I'm not as nervous as I let on, though, because I have a backup plan if the wireless Internet stops working (a conference full of bloggers and photographers itching to be the first to post their thoughts and photos sounds like trouble to me), and I'm confident that I know my stuff. So why so much digital ink spilled over this? Darren Barefoot wrote that Twitter doesn't solve a problem for him, but it does for me. Like Anil, I originally wanted to hate it, but I use it for one-liners, and as Tanya writes in Darren's comments, “transparency has become a part of my life, so when I saw through Tod [Maffin]’s blog that a ’social engine’ has actually made its way to the mainstream, I was pleased.” I'm pleased that blogging is mainstream, because I too like the transparency, and it's fun to share (not all the time, but a lot of the time), and admitting vulnerability every now and then lets yourself off the hook when you weren't on the hook to begin with.

Photos of the 2007 Vancouver Chinese New Year Parade

The Emperor at the Chinese New Year Parade in Vancouver

[Cross-posted from Urban Vancouver.]

Karen and I went to the Vancouver Chinese New Year parade on Sunday, but we arrived late, just catching the last 20 minutes, and even then, we were situated right at the end of the parade in front of Andy Livingstone Park (that's the soccer park in Chinatown). I took a few photos, as did many others there.

A quick search on Flickr finds some good shots. My favourite from the Chinese New Year parade set by hernandez photos is "look, a parasol!". From Tanasha's great-looking set comes the great "After Party". vfkf has almost 600 photos of the parade, probably best seen at the 'detail' version of it (still 30+ pages of photos to go through though). Be sure to check out Photocat62's photos tagged with 'gung hay fat choy' as well.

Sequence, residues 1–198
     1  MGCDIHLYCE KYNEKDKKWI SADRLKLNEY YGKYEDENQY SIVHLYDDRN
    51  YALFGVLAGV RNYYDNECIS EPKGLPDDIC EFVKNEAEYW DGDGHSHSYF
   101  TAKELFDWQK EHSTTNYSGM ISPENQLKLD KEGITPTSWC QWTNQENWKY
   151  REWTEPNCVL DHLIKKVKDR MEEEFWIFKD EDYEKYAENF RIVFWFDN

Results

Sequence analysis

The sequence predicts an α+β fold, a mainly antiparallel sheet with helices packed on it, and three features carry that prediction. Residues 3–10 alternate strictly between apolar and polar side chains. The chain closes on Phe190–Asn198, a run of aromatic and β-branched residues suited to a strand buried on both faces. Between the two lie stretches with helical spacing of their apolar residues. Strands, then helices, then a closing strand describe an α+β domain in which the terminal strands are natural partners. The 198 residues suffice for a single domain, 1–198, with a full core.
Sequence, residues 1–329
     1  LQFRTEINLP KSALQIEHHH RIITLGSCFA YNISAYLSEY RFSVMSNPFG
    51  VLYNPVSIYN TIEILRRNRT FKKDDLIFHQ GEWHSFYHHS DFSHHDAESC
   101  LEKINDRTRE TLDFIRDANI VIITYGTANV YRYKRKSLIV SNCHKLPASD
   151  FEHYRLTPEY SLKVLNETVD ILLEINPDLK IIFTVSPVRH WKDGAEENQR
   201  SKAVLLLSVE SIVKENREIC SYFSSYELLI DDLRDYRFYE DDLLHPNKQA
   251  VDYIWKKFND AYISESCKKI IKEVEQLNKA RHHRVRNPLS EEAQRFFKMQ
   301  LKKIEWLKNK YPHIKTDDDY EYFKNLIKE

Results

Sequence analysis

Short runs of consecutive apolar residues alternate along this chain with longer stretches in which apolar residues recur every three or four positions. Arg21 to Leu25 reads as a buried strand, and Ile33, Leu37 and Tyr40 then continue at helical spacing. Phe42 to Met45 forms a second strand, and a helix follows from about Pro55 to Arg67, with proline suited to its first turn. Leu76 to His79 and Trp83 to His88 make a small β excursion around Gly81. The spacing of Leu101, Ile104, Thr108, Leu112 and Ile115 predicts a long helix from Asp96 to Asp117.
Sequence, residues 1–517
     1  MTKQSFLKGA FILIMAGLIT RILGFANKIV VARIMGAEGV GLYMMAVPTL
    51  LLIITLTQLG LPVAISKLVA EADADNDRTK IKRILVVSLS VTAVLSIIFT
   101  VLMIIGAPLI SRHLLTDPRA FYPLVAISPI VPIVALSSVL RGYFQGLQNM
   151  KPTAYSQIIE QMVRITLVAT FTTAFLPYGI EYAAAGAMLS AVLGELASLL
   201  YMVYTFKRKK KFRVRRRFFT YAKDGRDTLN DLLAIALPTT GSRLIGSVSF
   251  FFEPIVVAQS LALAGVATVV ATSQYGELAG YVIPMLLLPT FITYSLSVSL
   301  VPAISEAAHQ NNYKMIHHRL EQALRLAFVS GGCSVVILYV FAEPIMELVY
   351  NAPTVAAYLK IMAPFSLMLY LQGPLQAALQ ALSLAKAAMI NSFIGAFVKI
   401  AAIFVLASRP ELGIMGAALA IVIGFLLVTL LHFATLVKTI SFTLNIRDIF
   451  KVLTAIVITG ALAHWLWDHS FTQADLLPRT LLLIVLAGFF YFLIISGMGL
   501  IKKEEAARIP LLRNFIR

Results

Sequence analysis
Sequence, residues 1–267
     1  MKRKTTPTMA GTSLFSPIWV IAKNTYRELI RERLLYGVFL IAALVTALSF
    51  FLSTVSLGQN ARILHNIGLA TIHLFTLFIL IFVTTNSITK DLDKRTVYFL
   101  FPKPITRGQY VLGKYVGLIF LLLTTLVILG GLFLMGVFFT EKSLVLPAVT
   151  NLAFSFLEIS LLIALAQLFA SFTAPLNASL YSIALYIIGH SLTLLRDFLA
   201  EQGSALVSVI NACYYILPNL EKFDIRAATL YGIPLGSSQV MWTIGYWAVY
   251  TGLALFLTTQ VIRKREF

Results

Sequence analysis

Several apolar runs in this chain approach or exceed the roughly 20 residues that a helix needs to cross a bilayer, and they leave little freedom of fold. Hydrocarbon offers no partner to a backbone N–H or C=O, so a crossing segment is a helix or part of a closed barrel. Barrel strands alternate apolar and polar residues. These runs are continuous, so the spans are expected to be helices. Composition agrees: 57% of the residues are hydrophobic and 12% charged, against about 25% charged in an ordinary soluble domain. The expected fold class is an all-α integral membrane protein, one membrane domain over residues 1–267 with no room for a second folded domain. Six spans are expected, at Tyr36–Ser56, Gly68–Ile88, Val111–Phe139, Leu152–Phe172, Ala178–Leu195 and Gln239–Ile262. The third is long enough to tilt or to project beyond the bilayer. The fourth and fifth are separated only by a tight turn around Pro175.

I no doubt missed a bunch, so if you have a set on Flickr or elsewhere, please drop a link in the comments and I'll add it to this list.

Overheard on the Bus, February 9th, 2007

One of the guys who were discussing what "the American version of The Office" meant, and how the survivors from Lost got to where they were, also said, not necessarily in the context of TV:

Discovery does not equal creation.

I immediately thought of the Web 2.0 equivalent: "sharing does not equal creation". Discuss.

Can Introverts Thrive in Large Companies?

I've long forgotten how I came across either article, but here are two writers talking about life in a big company. It's not clear who wrote "Thriving in Large Companies", but here are the ten tips the author provides:

  1. Learn how decisions are really made in your organization.
  2. Build relationships before you need them.
  3. Long live skunk works.
  4. Be willing to do whatever it takes.
  5. Pick your battles.
  6. Build consensus before important meetings where decisions are required.
  7. Be smart about how you spend your time.